In what sounds the perfect match, international touring theatre company Kneehigh Theatre have adapted one of the most popular stories set in their home county of Cornwall, Daphne du Maurier’s Rebecca.
The company’s award-winning artistic director, Emma Rice, has created a stage production of the book beloved by generations and the source of a classic film by Alfred Hitchcock.
Following the mysterious death of his first wife, Maxim de Winter returns to Manderley with his new young bride.
Surrounded by memories of the glamorous Rebecca, the new Mrs De Winter sets out to uncover the secrets of the house and a past fiercely guarded by sinister housekeeper Mrs Danvers and soon discovers all is not what it seems in Manderley.
Over the past 30 years Kneehigh have established a reputation for innovative and often spectacular theatre with a house style that has been applied to a number of classics such as Brief Encounter and Nights at the Circus which they have previously brought to the Sheffield Lyceum.
“I always have - and I always will - call myself a storyteller,” says Rice who is moving on to become the artistic director of the Globe on London’s South Bank. “We use a number of different elements – acting, music, film, design – to tell the story and we stitch together a great big tapestry of ideas.”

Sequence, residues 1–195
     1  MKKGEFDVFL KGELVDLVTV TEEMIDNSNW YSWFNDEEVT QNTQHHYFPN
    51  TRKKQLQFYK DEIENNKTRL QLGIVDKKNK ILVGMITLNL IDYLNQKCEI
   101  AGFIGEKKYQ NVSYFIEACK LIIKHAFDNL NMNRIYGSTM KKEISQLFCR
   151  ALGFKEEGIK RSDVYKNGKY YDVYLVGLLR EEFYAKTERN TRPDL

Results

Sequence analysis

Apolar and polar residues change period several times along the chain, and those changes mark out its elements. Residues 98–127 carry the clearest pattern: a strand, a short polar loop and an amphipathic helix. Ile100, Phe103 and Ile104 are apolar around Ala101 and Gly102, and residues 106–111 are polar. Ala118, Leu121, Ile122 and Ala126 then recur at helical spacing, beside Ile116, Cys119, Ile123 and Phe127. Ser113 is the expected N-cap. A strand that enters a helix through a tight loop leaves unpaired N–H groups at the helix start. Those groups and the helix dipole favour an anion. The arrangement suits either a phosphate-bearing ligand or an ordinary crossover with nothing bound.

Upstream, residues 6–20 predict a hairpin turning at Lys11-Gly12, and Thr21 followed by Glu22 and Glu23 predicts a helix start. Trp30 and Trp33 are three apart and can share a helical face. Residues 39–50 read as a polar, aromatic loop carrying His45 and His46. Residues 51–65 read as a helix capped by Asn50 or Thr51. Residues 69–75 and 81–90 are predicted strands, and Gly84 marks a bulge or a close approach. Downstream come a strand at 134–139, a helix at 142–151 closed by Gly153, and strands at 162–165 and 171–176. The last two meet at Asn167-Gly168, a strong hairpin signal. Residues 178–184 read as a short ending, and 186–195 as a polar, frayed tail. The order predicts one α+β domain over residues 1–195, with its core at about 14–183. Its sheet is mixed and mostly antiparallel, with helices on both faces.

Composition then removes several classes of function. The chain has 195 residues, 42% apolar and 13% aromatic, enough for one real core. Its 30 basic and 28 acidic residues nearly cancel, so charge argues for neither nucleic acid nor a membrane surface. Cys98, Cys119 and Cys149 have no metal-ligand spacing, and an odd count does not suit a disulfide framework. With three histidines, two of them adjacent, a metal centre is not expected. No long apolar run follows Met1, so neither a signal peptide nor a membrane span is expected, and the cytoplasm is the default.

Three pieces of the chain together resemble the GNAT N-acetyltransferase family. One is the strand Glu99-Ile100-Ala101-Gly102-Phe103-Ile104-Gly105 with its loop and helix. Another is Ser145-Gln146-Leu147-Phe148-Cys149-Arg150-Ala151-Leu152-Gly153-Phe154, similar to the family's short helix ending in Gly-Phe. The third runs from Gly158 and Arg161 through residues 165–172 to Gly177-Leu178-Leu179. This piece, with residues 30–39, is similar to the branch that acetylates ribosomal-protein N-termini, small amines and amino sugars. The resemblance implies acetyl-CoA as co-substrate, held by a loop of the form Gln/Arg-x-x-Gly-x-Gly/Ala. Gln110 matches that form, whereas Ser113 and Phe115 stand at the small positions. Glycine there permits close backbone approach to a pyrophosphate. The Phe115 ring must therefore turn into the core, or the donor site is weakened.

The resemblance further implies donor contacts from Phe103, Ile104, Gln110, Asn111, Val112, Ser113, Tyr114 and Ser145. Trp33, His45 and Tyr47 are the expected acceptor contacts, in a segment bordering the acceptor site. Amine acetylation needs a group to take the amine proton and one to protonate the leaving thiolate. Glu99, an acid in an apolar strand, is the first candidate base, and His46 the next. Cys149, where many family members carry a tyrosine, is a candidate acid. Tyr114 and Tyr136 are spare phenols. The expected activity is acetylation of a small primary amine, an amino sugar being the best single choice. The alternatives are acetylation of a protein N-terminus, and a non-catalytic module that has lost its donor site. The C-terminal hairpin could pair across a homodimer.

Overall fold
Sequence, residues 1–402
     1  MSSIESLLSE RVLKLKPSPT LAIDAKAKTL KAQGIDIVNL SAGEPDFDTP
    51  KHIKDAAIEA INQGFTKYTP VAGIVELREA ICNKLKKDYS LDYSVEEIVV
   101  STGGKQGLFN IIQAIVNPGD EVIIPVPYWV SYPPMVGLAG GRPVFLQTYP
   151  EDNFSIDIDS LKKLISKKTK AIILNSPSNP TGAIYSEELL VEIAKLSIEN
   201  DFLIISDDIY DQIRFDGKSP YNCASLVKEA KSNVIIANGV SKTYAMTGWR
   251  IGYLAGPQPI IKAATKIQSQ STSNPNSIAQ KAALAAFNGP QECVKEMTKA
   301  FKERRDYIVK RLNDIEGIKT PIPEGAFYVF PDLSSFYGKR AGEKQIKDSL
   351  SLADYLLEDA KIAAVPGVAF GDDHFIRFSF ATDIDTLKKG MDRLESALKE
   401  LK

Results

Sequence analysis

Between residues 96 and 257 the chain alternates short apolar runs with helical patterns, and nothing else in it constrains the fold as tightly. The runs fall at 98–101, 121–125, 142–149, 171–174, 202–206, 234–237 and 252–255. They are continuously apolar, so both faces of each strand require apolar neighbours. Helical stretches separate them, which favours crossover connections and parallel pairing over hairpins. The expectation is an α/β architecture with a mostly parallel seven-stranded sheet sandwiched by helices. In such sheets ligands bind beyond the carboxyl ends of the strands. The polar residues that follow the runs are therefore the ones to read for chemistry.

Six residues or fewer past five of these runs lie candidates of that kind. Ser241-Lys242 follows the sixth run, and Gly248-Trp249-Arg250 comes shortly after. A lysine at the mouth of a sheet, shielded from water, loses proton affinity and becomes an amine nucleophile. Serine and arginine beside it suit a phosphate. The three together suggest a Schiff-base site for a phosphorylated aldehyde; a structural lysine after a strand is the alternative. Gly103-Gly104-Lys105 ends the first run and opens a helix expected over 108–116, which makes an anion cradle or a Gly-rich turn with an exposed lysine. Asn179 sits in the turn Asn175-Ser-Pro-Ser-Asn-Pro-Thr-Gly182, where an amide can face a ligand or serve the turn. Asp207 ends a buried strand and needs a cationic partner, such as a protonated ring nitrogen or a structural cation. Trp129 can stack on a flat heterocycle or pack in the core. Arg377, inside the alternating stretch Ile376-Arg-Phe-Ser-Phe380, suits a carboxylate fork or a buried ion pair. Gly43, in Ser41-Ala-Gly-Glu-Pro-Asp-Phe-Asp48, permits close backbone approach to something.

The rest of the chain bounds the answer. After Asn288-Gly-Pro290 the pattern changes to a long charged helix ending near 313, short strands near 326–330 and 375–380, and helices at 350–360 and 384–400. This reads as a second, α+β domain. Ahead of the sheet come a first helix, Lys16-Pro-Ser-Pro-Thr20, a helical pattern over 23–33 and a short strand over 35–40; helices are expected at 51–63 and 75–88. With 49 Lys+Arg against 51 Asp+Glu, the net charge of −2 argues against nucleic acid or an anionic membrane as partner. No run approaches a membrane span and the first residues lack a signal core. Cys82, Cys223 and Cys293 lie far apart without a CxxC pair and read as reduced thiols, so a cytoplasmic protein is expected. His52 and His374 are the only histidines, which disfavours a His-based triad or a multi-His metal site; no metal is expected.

While the dark, creaking rooms and corridors of Manderley sets the mood for Rebecca, what goes on outside - the ever-changing weather, the sinister woods, the perpetual roar of the sea – is every bit as significant.
“Rebecca is elemental, almost a Greek Tragedy in the way nature is represented,” says Rice. “If you walk along the beach at Menabilly, one of the models for Manderley, you can almost reach out and touch that sense of the elemental. Daphne must have loved that spot. It’s astonishingly beautiful. Her work is a bit like Cornwall itself – beautiful but threatening as well.”
It is all the more remarkable, then, that Kneehigh’s Rebecca is played out on one set, with Leslie Travers’ design encapsulating both the house and the beach with the upturned boat in which Rebecca drowned a constant presence.
“We have moved on from the time of Rebecca’s publication in the 1930s,” continues the director. “We’re in a different century after all, so changes needed to be made. However, I am never disrespectful. I love this period.
Perhaps one of the reasons for the enduring popularity of the book is that it cannot be pigeon-holed into any particular category. It is a gripping whodunit and a social satire, a ghost story as well as a critique of the position of women in pre-war Britain.
Above all, says Rice, referring to the production’s sub-title, it is ‘a study in jealousy.’
“According to her son Kits, it used to drive his mother mad when she heard Rebecca described as a ‘romance’. She insisted, and this is a direct quote, that it was ‘a study in jealousy’.”